The Fairly Detached Observers
Frank returned at last from his New York visit, and with the fragile psyche of Packer Land restored—at least for a week—by the exhibition victory in Denver, the Observers could focus on the final days of round-the clock Olympic TV coverage.
now that we’ve seen the final fireworks from Beijing—don’t ask whether
they were real or digital—it’s a four-year adios to almost all the
sports that were so riveting for two weeks.
Artie: No more badminton, team hand ball, table tennis, Greco-Roman wrestling...
just those. For the most part, it’s goodbye to swimming, gymnastics and
track and field. They’ll remain niche sports for most Americans despite
the exploits of Michael Phelps and Usain Bolt and Nastia Liukin. We’ll
see those sports a little on TV, but not as much as we’ll see Phelps
trying to sell us things.
Artie: We’ll be seeing Bolt right up until his tearful declaration, “I didn’t know that was a banned substance.”
Frank: Man, he better be clean. The last guy who won the 100 by that much was Ben Johnson.
Artie: If the IOC investigates him as well as they investigated the age of the Chinese gymnasts, he’s got nothing to worry about.
Frank: It would be nice if track and field could get to 2012 in London without the kind of disgrace we saw this year with the 2000 Olympic queen, Marion Jones. Meanwhile, for most fans it’ll be four years without rowing, water polo, beach volleyball...
Artie: Does it only have to be four years for beach volleyball? Couldn’t it be six or eight? Every time I turned on NBC in prime time, it was beach volleyball.
Frank: And your point?
Artie: I wanted the full experience of the Olympics while sitting on my couch, and all I got was that ridiculous women’s beach volleyball. I kept looking for the keg; it’s something you do at Bradford Beach, but it’s not an Olympic event.
Frank: Finally, something we disagree on. I was quite a fan of those American gold medalists. Somehow, though, I missed the men’s competition.
Artie: I know, those gals in bikinis are ath letes, I guess. But they’ve got the physique of 11th-grade boys. Now, I could go for beach volleyball if the players were Marilyn Monroe, Kim Novak, maybe Jane Russell, Raquel Welch...
Frank: You realize they’re either dead or quite elderly.
Artie: Dating myself, huh? OK, some contemporary equivalents, except I can’t think of any.
Frank: Well, NBC didn’t show those women in prime time by chance.
This will shock you, but sexiness sells. And I must note that the women have bought into that. The men wear T-shirts, and I doubt the women’s performance would suffer if they wore them, too. But they don’t. Whoever’s in charge of the sport has decided this is the way they’ll look, and the players obviously agree.
Artie: I did like that futuristic, apocalyptic, “Mad Max” black tape that one of the Americans had creeping up her shoulder.
Frank: Some kind of medical thing, and I guess it worked. Well, now that China has out-Vegased itself with the closing hoopla, it can get back to repressing its people and bankrupting the United States.
Artie: What I’m worried about is this: Opening ceremony: Russia invades Georgia. Closing ceremony: What’s Putin got up his sleeve now? Poland?
Frank: Heads up, Baltic states. By the way, the U.S. and China could have used some peacekeepers on the Olympic baseball field.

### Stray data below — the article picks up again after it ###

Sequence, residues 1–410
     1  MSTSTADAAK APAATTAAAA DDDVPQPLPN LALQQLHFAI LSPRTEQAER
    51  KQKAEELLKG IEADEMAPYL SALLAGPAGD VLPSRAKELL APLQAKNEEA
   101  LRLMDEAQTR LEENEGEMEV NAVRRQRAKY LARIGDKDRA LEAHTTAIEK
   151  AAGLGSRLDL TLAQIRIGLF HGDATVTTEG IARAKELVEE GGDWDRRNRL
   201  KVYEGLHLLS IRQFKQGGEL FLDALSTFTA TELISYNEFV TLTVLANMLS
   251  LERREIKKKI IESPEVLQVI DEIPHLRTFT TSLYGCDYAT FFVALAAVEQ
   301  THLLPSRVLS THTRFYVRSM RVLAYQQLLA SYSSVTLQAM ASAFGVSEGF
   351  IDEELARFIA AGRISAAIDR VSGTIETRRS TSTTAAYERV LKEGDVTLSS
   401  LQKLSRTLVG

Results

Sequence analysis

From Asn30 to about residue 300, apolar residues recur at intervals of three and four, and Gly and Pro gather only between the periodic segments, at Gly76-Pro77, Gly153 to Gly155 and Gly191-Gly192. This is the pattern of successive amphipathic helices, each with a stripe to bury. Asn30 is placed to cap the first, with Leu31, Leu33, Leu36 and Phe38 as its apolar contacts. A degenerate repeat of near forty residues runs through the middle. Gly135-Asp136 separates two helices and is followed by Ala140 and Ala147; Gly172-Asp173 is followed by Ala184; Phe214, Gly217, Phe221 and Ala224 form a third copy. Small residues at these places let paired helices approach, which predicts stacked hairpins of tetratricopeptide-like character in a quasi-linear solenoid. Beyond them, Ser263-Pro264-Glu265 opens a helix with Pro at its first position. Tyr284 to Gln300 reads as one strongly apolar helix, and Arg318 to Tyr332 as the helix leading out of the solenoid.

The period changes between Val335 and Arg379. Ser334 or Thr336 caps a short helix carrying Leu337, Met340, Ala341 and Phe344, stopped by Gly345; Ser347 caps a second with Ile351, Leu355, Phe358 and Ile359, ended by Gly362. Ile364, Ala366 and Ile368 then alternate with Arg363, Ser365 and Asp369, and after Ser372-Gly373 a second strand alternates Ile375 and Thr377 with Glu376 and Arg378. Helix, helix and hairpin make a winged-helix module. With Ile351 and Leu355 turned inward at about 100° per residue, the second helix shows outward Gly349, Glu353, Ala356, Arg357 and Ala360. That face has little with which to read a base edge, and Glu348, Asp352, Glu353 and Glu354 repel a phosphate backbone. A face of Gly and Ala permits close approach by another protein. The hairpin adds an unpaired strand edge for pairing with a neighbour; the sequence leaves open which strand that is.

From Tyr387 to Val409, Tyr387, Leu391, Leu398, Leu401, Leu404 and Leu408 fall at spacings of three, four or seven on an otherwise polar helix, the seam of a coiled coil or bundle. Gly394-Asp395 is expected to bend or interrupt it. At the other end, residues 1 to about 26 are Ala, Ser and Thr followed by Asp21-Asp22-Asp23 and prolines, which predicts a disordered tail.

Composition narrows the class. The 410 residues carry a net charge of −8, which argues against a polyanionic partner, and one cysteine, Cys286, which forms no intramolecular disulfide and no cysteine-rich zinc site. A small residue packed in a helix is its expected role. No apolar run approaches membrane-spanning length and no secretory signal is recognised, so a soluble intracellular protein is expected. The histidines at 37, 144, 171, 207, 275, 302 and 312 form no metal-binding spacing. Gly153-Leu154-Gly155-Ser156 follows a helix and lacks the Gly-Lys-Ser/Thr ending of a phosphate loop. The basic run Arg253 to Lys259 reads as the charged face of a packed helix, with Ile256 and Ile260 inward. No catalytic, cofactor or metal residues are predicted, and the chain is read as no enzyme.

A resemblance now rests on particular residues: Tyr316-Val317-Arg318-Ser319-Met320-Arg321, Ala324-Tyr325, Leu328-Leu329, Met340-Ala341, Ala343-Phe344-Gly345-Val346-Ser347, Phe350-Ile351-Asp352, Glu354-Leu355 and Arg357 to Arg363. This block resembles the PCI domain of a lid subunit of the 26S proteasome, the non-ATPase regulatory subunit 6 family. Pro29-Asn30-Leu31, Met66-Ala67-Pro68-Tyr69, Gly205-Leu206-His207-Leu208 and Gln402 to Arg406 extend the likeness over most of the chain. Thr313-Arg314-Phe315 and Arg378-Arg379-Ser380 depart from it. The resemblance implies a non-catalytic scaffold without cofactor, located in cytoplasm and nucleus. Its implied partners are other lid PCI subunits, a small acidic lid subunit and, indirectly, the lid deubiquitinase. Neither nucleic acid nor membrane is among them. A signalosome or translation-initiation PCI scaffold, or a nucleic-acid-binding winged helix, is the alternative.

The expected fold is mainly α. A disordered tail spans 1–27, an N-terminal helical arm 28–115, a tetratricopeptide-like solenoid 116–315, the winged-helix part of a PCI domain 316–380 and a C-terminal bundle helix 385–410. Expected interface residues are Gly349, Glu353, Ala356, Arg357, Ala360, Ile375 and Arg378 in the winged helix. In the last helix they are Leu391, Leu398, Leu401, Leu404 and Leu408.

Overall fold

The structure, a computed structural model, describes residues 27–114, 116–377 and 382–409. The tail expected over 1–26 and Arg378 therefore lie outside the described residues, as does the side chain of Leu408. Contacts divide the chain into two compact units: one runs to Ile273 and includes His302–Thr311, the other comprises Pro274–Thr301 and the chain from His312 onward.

Artie: It was pretty interesting that the Chinese, led by former Milwaukee Brewers interim manager Jim Lefebvre, were throw ing at our batters.
Frank: Like any manager, Lefebvre said he never ordered any such thing. But five Americans got drilled and we plowed over two of their catchers. Then one of the catchers hits a homer to cut the deficit to 9-1 and runs the bases like he just won the World Series.
Artie: How do you say “Kirk Gibson” in Chinese?
contrast, when our two gymnasts won on the balance beam, the Chinese
competitors hugged them. A show of respect for their elders.
Artie: Maybe the Americans had baby sat for the Chinese during the week.
of sportsmanship. I love the stories of people who have glory snatched
from them but deal with it well. This time there was U.S. hurdler Lolo
She was cruising to victory in the 110 race when she hit the next-to-last hurdle and dropped to seventh. She knelt on the track in shock for several minutes, but managed to give a gracious TV interview. “Today I was not meant to be a champion,” she said.
Artie: I know at the end of Lord of the Rings, Gollum wasn’t that gracious. He could feel gold around his neck, too.
there’s Matt Emmons, an American shooter. Four years ago, he has gold
in his sights in something called three position rifle but somehow
fires his final shot at the wrong target. This time, he’s one shot from
the gold but his rifle fires early and he fails again.
Artie: You might call that trigger-happy, but happy he wasn’t.
Frank: But there’s more. In 2004 a woman shooter from the Czech Republic
came up to console him, and now she’s his wife. This time Emmons said,
“Things happen for a reason... The last time the reason was Katy. This
time I don’t know yet.”
Artie: Well, I know. When they shoot the big-screen remake of “Andy of Mayberry,” he’ll play Barney Fife.
no contest for the “worst sportsman” title. It’s a Cuban taek wondo guy
named Angel Matos. He was win ning the bronze-medal match but fell to
the mat after being hit...
Artie: Isn’t that kind of the point of taekwondo?
suppose. Anyway, you get one minute for an injury timeout, but when
that passed the Swedish referee disqualified Matos. Whereupon he went
ballistic and kicked the ref in the head.
Artie: As Homer Simpson would say, “Taekwon-D’OH!
Frank: The head of the sport said, “This is an insult to the Olympic vision.”
Artie: And maybe the ref’s permanent vision, ain’a?